Now is the time to pack your bags and book your ticket to Edinburgh – this one of Europe’s most fascinating cities. Heading up for a short break? Don’t miss this travel guide to spending 36 hours in Edinburgh.
Much of a cliché as it may be, Edinburgh is one of the UK’s best-loved cities.
Yes, it’s famous for the festivals that draw in the crowds during the summer (though we do love the Fringe), one of the best Christmas markets in the UK, not to mention their wild Hogmanay New Year’s Eve party – but there’s so much more to this city than plays and laughs.
Medieval castles and time-old traditions are blended with a thriving culture and friendly locals to make Edinburgh the perfect city break. 36 hours in Edinburgh isn’t enough to explore it properly, but it’s enough to get a real taste for this charming city.
Get your most comfortable shoes on. There are more sights than you can see in a weekend, but any visitor worth their salt will have a good try at cramming them in.
Highlights of Your 36 Hours in Edinburgh Itinerary
- Visit Edinburgh Castle
- Walk Down the Royal Mile (and Visit the Scotch Whisky Experience)
- Visit the Scottish Parliament
- Take a Ghost Tour
- Climb Arthur’s Seat
- Treat Yourself to a Fancy Dinner
- Bed Down in The Balmoral
2 Days in Edinburgh: Day
First stop – Edinburgh Castle.
As I have said, Edinburgh is one of the best UK city breaks, start off seeing Edinburgh castle. You could hardly miss it, the castle dominates the skyline, poised atop an extinct volcano in the centre of town. Edinburgh’s high peaks were perfect for defending the city from the English in times gone by – it’s no accident that the castle is at the top of a very steep hill.
Discover its varied and sometimes sinister roles as a royal home, prison and hide out at various points in history.
I’m still not sure if the views from the castle are better than the views of the castle. What I am sure of is that neither should be missed.
On a clear day, the views extend for miles around to Firth of Forth, taking in the rolling hills, historical forts and contemporary buildings that make the city what it is today.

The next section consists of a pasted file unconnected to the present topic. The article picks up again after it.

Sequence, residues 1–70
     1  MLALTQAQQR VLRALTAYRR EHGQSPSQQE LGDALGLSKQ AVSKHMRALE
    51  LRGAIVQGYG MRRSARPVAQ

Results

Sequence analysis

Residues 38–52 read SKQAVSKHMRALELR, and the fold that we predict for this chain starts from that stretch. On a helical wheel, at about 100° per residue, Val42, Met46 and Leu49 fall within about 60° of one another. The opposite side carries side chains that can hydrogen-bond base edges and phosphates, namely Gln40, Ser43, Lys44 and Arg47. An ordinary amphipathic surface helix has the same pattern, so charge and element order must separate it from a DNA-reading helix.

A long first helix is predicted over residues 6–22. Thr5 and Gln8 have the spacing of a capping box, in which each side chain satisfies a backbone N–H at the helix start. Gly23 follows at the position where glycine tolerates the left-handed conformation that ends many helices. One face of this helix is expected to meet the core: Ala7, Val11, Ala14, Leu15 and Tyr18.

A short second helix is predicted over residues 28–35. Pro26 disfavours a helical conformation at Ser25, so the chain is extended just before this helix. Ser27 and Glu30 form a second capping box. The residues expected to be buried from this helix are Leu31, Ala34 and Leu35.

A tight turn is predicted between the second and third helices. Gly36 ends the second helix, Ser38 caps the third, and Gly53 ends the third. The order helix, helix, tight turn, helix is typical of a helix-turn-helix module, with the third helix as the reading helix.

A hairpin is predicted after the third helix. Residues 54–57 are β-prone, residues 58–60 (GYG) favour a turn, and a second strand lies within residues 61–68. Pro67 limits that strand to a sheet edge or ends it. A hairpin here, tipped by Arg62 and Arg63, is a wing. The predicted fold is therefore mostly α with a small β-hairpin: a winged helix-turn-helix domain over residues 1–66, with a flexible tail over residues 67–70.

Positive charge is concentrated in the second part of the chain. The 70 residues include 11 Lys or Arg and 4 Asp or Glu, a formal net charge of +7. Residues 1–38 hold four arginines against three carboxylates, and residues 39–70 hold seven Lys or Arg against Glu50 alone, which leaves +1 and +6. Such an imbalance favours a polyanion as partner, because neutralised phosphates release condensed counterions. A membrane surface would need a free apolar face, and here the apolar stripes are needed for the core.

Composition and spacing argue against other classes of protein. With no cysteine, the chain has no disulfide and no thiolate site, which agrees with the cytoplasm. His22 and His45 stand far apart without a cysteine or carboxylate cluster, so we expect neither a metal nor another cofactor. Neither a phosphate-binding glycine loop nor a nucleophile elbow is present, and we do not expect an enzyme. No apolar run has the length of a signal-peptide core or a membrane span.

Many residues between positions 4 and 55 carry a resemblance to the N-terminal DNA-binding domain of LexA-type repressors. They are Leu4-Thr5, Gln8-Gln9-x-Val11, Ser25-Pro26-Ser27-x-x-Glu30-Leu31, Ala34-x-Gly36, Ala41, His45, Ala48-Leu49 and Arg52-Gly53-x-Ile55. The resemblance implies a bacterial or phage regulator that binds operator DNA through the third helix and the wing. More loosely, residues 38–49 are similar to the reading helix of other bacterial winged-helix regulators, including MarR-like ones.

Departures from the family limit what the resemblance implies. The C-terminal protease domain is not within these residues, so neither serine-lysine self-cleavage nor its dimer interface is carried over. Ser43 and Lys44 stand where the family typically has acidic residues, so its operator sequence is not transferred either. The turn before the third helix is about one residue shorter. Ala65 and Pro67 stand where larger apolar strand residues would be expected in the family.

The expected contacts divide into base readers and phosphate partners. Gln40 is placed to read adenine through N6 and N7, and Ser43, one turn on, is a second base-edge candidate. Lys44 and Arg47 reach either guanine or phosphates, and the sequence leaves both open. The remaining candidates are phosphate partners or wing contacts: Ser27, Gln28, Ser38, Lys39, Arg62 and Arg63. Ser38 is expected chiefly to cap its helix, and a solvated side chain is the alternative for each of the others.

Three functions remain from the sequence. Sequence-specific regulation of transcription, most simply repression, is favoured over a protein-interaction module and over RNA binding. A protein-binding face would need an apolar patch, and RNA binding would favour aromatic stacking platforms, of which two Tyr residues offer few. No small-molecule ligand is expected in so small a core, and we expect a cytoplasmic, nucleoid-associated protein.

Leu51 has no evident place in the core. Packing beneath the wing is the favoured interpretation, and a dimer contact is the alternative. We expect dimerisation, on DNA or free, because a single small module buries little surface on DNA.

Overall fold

Tickets aren’t cheap, so ensure that you allow plenty of time to spend at the castle once you’re inside. Be sure to pop into the Great Hall and to the Half Moon Battery for the iconic shot looking down the Royal Mile. If you are in Edinburgh with family, the children are sure to love exploring the castle.
You can buy tickets on the door or buy in advance here.
The Royal Mile
The Royal Mile is the lifeblood of Edinburgh – the heart of all the action. I’ve featured a couple of specific attractions such as Camera Obscura, St Gile’s Cathedral and the Scotch Whisky Experience separately.
If you have the time, you should at least take a peek at some of the other big spots such as Gladstone’s Land and Canongate Kirk before you head to the Scottish Parliament.
Edinburgh Castle is also the perfect starting point for a day’s stroll along the Royal Mile.
The bizarre, weird and wacky world of long-time attraction Camera Obscura is not to be missed. Take in the happenings of the city through the rooftop periscope – it’s one of the more offbeat places to see in Edinburgh but worth a stop.
Scotch Whisky Experience
A few steps along the Mile, those who like a tipple or two would do well to pop into the Scotch Whisky Experience.
Non-drinkers can still soak up the long and varied history of the nation’s favourite drink on a guided tour, which explores the different whisky-producing regions in the country.
Whisky lover? Here’s why you need to visit the Islay Whisky Festival.
The Scottish Parliament is housed in a rather eccentric building – like Marmite you either love it or you hate it, but either way, it’s well worth taking a look inside and is the perfect antidote to those tired of old bricks and mortar.